When a couple is told there is a positive diagnosis for Down syndrome before a baby is born, it is very important for the physician to recognize the complex feelings that they have at this moment. Since the definitive diagnosis may also occur during the second trimester (though in the above case, it actually occurred in the first trimester), couples may have already developed ideas about what this particular baby will be like. A diagnosis of Down syndrome obviously alters that perception and leaves parents with conflicted emotions. Many couples will want to continue the pregnancy, no matter what, but may be afraid of what their future will bring. Others may believe that they will not be able to care for a child with Down syndrome, but are uncertain about specifics regarding termination. Still others may be torn about both options, knowing that their lives will be altered with any decision they make. Most will not know about adoption options.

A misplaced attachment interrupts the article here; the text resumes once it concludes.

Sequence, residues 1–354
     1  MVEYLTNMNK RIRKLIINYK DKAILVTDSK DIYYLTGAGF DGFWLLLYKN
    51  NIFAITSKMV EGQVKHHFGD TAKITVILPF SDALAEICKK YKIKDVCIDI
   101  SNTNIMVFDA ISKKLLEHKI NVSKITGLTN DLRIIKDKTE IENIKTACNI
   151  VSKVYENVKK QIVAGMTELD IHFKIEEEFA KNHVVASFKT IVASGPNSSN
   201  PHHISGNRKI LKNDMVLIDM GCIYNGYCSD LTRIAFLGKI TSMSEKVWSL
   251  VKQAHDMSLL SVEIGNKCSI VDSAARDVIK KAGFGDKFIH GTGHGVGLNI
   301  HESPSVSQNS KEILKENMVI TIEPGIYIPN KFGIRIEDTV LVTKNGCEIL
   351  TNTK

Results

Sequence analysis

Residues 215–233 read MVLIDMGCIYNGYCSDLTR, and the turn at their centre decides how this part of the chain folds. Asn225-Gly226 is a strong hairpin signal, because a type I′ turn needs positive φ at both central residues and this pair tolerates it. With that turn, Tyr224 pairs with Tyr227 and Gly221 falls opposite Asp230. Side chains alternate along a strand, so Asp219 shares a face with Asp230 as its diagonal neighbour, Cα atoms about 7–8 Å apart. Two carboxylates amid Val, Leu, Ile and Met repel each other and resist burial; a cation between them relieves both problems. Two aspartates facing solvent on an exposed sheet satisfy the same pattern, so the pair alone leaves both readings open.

Recognizing that physicians and other health care practitioners will have their own biases about what should be done, each medical provider (physicians, genetic counselors, nurses, physician assistants, etc.) needs to respond as a member of a coordinated team to individual patients in ways that reflect the patient’s values. Physicians should respond with empathy and concern as well as specific information. This type of conversation might include reference to new understandings about improved life outcomes for individuals with Down syndrome, such as their capacity to learn and become a contributing part of the larger community, and referral to local Down syndrome organizations. It also might include information on organizations devoted to adopting children with Down syndrome. However the physician or health care provider responds, the mother and father should feel understood, supported, and informed.
Your interactions with families such as this one will be remembered by them for the rest of their lives.
Thank you for taking the time to carefully consider your responses to these cases. We hope this module helps you as you assist other families in receiving this news.